I am experimenting with different varieties of handmade soap and I recently made some citrus soap bars. They turned out great, so I want to share this variation using a base of gentle olive oil soap with beeswax. I call it Beeswax Citrus Soap. Beeswax softens and protects skin from environmental elements and is naturally nourishing, antibacterial, and anti-allergenic. The addition of orange peel adds exfoliant properties for a thoroughly satisfying bar.
I love handmade soap, preferring it to the commercially overly scented variety, picking it up at local craft fairs and boutique stores. The cost was adding up, plunking down $5 or $6 for a small bar, and I looked into making it at home. I have always hesitated to make soap due to the use of caustic lye in creating the chemical of making soap, which is called saponification.
Lye is 100% sodium hydroxide, NaOH. I got mine at Lowes in the plumbing aisle called Crystal Drain Opener. It can be hard to find as it is used in the illegal manufacture of meth and it has been pulled from drugstore shelves. I also wanted to use my accumulated hoard of beeswax in my soap so I started looking for soap recipes which included beeswax.
I recommend making soap in your kitchen or basement laundry tub where curious kids and pets cannot get into it. A caustic substance, lye has to be handled very carefully. If you use common sense and pay attention to directions, you will be fine. Keep a bottle of white vinegar handy, if you spill any caustic lye on your skin.
Assemble all your ingredients and equipment in advance and put on old clothes and an apron, though I have never damaged any of my clothes in the process. Put on your safety goggles and rubber gloves and you are ready to go. The following is your basic procedure and ingredients. The final step is adding your flavoring/scent and you can add any scent at all that you like.
- Immersion blender
- Digital cooking thermometer
- Kitchen scale
- Variety of containers and cook pots that you will only use for soap making; a heavy saucepan, plastic 2-quart beverage container, and wooden spoon
- Soap mold-You can use a small kitty litter pan; I used a milk container for my soap
- Old clothes and apron
- Rubber Gloves
- 36 ounces olive oil
- 6 ounces coconut oil
- 3 ounces castor oil
- 2 ounces of grated beeswax
- 12 ounces distilled water
- 6 ounces lye
- 2 ounces essential oil of your choice (I used Vitamin E and orange oil, but the possibilities are endless)
- Measure 12 ounces of water into the plastic pitcher. Your kitchen scale should subtract the weight of the pitcher from the weight of the water. Everything has to be measured precisely. Set your pitcher of water in the sink.
- Weigh out 6 ounces of lye. I used a plastic disposable cup.
- Pour the lye from the cup into the water in the pitcher. Gently stir it in with the wooden spoon. A thermal reaction will occur and the solution will get very hot and give off some fumes. It stinks!! At this point, I set the pitcher outside to cool off.
- Weigh your oils and beeswax and put them into the wide saucepan and heat on a low heat until everything dissolves. Remove from the heat to cool slightly. You will be measuring the temperature of this mixture to be around 98 to 110 degrees F.
- Test the heat of the lye solution by touching the outside of the pitcher to see if it is cooling down a bit. It should feel tepid to the touch, not hot.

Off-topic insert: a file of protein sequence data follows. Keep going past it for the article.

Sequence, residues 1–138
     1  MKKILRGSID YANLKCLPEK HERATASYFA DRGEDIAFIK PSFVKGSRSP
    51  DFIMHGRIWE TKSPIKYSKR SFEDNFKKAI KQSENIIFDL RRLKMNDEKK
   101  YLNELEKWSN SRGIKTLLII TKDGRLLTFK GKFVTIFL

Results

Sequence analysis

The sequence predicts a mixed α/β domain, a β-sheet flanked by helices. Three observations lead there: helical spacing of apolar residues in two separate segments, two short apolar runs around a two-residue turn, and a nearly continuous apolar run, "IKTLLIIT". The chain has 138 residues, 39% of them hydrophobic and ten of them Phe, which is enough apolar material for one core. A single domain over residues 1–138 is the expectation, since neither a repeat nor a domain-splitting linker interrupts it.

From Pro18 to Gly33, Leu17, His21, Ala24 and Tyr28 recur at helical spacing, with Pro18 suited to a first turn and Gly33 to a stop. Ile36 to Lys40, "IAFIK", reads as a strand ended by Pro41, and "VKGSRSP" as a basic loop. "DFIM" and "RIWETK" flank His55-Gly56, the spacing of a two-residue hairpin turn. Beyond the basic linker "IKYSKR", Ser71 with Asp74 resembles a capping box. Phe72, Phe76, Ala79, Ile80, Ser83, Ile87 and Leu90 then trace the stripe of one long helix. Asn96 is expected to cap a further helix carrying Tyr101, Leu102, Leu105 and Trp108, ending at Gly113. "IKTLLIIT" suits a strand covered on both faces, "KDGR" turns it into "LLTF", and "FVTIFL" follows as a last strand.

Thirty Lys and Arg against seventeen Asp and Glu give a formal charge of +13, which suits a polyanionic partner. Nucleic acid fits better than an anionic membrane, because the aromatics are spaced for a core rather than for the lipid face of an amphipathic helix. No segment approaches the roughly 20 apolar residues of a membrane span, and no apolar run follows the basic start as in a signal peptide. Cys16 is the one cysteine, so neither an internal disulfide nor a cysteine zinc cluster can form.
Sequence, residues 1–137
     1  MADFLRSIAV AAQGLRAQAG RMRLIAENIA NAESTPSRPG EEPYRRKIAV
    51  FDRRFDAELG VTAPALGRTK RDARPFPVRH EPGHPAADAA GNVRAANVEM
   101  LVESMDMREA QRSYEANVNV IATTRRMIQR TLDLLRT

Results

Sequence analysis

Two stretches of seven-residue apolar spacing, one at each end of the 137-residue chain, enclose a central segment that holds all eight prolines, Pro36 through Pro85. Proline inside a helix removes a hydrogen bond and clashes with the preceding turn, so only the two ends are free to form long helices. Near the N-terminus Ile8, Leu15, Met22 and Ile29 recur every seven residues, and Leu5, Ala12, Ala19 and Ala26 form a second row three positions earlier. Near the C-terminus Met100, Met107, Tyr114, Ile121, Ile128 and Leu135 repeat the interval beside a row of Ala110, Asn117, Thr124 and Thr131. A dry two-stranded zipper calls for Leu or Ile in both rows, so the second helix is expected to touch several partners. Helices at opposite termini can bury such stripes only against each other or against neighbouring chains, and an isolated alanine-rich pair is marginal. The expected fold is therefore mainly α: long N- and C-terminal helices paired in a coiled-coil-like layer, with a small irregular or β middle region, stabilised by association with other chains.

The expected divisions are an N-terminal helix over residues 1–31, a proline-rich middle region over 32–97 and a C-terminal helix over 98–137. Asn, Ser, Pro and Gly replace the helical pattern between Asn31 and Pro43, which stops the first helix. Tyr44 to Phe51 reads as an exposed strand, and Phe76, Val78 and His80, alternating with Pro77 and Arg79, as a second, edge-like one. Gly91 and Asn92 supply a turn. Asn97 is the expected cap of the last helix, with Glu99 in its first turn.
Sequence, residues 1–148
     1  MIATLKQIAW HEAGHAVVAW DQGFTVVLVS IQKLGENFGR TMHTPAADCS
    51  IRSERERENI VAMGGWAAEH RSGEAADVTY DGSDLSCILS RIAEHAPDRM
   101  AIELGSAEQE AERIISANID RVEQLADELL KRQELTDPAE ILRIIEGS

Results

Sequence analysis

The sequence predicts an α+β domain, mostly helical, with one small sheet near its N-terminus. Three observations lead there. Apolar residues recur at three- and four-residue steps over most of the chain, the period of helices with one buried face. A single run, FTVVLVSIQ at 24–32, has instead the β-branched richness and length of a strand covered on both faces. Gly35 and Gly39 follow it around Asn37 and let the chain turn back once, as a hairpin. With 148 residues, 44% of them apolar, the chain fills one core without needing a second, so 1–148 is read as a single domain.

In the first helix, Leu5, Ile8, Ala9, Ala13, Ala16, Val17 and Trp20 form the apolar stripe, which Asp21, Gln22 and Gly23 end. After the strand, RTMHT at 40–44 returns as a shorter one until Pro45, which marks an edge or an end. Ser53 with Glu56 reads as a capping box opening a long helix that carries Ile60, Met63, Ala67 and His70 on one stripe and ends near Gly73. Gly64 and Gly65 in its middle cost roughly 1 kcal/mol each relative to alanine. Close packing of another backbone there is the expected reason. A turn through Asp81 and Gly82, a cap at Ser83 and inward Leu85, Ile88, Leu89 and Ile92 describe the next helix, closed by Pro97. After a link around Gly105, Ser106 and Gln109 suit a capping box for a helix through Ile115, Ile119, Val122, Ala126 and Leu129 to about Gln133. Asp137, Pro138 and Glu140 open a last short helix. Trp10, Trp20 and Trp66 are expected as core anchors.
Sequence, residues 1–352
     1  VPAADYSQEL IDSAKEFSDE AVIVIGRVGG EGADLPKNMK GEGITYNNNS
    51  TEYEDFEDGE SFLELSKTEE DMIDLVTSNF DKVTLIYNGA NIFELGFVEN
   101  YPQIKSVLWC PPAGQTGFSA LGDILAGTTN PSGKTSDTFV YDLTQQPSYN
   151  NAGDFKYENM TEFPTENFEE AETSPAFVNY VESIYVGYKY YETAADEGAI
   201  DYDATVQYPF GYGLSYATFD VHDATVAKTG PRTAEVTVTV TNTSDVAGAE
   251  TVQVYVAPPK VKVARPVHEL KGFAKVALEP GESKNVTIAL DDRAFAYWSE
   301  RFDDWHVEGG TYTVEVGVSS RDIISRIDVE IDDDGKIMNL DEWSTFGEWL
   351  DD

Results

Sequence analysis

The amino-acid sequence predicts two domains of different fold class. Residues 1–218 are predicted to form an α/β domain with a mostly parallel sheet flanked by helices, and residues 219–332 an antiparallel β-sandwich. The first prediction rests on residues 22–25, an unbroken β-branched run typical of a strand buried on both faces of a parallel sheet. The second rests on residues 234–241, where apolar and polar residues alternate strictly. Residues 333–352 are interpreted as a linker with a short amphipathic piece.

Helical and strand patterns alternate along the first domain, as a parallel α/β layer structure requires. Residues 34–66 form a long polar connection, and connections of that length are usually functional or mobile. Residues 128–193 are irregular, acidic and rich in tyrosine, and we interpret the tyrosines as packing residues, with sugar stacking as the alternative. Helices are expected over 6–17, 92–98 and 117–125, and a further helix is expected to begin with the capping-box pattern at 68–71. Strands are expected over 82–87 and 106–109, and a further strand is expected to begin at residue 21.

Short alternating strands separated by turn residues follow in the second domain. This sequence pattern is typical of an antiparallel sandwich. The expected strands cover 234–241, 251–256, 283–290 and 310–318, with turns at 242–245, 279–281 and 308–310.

- Take the temperature with your digital thermometer of both the oil solution and the lye solution, making sure that you wipe off the probe with a paper towel between each use. The trick is to get the two solutions around the same temperature, around 98 degrees to 110 F which is called equalizing. This is the most difficult part of the whole process. The lye solution will take about an hour to come down from a high of around 160 degrees to the lower temperature that you need. The following is a useful video on how to do this:
- Plug in your immersion blender so it is ready to use.
- Combine the two solutions once they have reached the right temperatures (see above), pouring the lye solution into the pan of oils and stirring with the wooden spoon a couple of times.
- Without turning on the blender, immerse it into the mixture down to the bottom of the pan. Make sure that your gloves and goggles are on because you could get splattered a bit. I also like to put the saucepan in the sink for this step. You can do this by hand without a blender, but it will take much longer with a lot of stirring!
- Turn on the blender and slowly circulate it around the circumference of the pan. Keep blending, watching the consistency. Within a few minutes, the mixture will start turning opaque and thicken. Keep blending until the mixture starts forming a ‘trace’, which is just part of the mix leaving a visible swirl on top. The mixture should be the consistency of runny pudding.
- Add your essential oils (I used 1/4 ounce each of lemon and orange oil). Grate 2 oranges to get about 1/4 cup of grated skin and add to mixture. I also sprinkled some turmeric on top to increase the intensity of the orange color. This is for color only, not for any flavor. Mix in and I liked the swirls of turmeric so didn’t mix that in completely.
- Pour your soap into your mold.
- Wrap the container in an old towel and set aside for 24 hours.
- The next day, the soap is still soft enough to be cut into blocks with a sharp knife. I peel off the container and chop it up with a warmed knife.
Out of this one batch, I made 20 blocks of soap which should last me a long time for my personal use and lots of gifts.
You have to let the soap age about a month before using as it will retain some of its caustic nature immediately after you make it. I leave it out in a sunny window to age it for a few months before using or giving it as gifts.
For a similar soap recipe, check out our Castile Soap Recipe.